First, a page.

The Land Registration Act 2002, which is the outcome of several years’ joint work by the Law Commission and the Land Registry, has been described as potentially more far-reaching than the great property reforms affected by the 1925 legislation (Bogusz, 2002). Under the LRA 2002 compulsory registration will be triggered by: A land transfer by sale, gift, and court order or assent.
The creation of a protected legal first mortgage; the grant or assignment of a lease of seven years or more; and the grant of a lease which takes effect more than three months after the date it is granted. An important change is introduction of a new system in relation to adverse possession for registered land. The effect of this new regime will make registered land virtually squatter-proof and clients owning unregistered properties are advised to consider applying to the Land Registry for voluntary registration to take advantage of this. GENERAL DISCUSSION
The Act paves the way for the introduction of electronic conveyancing to replace the traditional paper-based procedure as we discussed in a previous edition and replaces all existing legislation relating to land registration with the aim of exploiting the potential of an electronic system and eliminating defects in the present law (Thompson, 2003). There are also several important changes to property law in general. The number of dispositions and interests capable of registration is increased with the aim of providing as complete a picture on the register as possible.
Matters capable of registration will now include: all leases of 7 years or more; leases of any length granted to take effect in possession more than 3 months after the date of grant; local land charges; some overriding interests e. g. rights of occupation; easements acquired by implied grant or prescription; profits for instance fishing and shooting rights; land owned directly by the Crown (demesne land) which includes most of the foreshore; and franchises e. g. the right to hold a fair or market (Pollock, 2005).
Of the above, the compulsory requirement to register leases of 7 years or more is likely to have the biggest impact in practice and in time it is probable that there will be compulsory registration of leases of 3 years and over. Dealings with leases are the most common type of property transaction and this new requirement has attracted criticism, as it will inevitably involve more bureaucracy and increased costs. Conversely, the Government’s view is that the advantage of a more transparent system will outweigh the extra work and expense.
In line with the Act’s objective that the Register should show a full picture of any registered title, the number of overriding interests, to which property is subject to, will be reduced and some are to lose their overriding status after 10 years (Thomas, 2005). For the first time, overriding interests are to be treated differently on first registration and on subsequent dealings. The stated aim of The Land Registry is for all land in England and Wales to be registered by 2012 which means that it is keen to encourage voluntary registration (Smith, 2003).
There are important benefits to be gained from voluntary registration: It is carried out under the owner’s control rather than being triggered by an event such as a sale or mortgage application which it may then delay; The chance of a successful adverse possession claim is greatly reduced; The eviction of travellers and squatters is easier and less costly; A clear record is created of restrictive covenants and reserved rights such as sporting or mineral rights which carry a value to the land owner to be realised at a later date; Conveying previously registered land is quicker and cheaper, especially with the proposed introduction of electronic conveyancing; Unauthorised encroachments such as extended garden boundaries will be highlighted; Future valuations, for example, for inheritance purposes will be simpler and cheaper; The cost of establishing good title in the future is expected to rise; Current concessionary land registry fees for voluntary first registration may be withdrawn; An accurate up to date estate plan will be produced; and Some “over-riding interests” (for example franchises and manorial rights) will lose their protected status after 10 years unless registered (Abbey and Richards, 2003). The Act clarifies the protection of third party interests over registered land and cautions and inhibitions are to be abolished, although existing ones will remain on the title (Holdsworth, 2004. ). Notices and restrictions will be either “Agreed” for instance entered with the registered proprietor’s consent or “Unilateral” for instance entered without consent. Unilateral notices will take the place of cautions.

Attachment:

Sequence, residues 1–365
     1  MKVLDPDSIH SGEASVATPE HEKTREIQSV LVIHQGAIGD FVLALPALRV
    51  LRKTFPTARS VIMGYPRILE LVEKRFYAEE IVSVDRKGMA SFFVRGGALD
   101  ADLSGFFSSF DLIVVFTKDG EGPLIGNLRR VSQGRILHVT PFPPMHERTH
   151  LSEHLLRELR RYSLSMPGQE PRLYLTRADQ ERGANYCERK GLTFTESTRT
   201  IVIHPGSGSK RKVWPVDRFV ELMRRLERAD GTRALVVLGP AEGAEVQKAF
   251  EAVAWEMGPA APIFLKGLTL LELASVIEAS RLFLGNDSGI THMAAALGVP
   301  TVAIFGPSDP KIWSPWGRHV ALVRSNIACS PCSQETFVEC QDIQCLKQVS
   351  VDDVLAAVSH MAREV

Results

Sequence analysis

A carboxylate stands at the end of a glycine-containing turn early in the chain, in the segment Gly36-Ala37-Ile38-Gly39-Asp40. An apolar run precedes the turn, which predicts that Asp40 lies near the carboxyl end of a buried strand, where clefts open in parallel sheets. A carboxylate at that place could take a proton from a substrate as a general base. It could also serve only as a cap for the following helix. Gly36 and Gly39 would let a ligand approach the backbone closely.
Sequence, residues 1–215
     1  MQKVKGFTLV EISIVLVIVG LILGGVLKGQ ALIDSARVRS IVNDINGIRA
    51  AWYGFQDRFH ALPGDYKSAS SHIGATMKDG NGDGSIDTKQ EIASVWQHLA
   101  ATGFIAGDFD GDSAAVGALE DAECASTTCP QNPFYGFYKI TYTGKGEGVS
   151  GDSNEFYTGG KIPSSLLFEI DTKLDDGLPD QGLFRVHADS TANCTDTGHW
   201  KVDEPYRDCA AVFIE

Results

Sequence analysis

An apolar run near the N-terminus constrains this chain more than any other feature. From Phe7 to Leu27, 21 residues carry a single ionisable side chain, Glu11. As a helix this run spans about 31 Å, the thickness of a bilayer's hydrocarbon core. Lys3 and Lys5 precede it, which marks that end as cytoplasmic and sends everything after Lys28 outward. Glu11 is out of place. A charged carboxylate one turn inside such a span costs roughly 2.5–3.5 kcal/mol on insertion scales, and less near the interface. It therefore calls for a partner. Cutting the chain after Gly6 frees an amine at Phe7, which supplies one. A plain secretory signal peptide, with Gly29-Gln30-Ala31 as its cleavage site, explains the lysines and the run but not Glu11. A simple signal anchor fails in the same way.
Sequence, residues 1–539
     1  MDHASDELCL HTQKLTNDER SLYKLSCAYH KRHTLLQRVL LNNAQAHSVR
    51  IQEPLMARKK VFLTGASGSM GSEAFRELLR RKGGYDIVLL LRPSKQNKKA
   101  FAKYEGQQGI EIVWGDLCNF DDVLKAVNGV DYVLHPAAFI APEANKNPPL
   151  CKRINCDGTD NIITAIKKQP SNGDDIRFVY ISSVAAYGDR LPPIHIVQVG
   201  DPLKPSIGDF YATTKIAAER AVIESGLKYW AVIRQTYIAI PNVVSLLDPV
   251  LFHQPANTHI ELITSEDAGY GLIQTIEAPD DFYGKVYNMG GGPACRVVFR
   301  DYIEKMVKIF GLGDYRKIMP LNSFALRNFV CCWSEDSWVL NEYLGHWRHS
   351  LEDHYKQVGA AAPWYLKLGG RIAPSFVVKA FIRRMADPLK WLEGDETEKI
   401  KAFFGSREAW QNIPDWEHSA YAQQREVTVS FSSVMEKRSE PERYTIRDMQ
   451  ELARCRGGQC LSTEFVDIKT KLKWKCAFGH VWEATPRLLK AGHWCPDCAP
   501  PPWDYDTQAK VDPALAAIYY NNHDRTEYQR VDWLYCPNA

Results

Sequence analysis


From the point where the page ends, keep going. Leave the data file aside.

The registered proprietor will be informed by the Land Registry of the registration of such a notice and can then apply to have it removed. Restrictions will be used in similar circumstances as at present, but will also be used in cases of insolvency and other situations where an inhibition is currently used. The Act will allow increased rights of access to the documents relating to a registered title, so far as the Land Registry has the information, and will permit inspection of leases and charges. Other general changes include the creation of a new independent adjudicator for the Land Registry whose function will be to determine contested applications. Decisions of the adjudicator may be appealed through the Courts.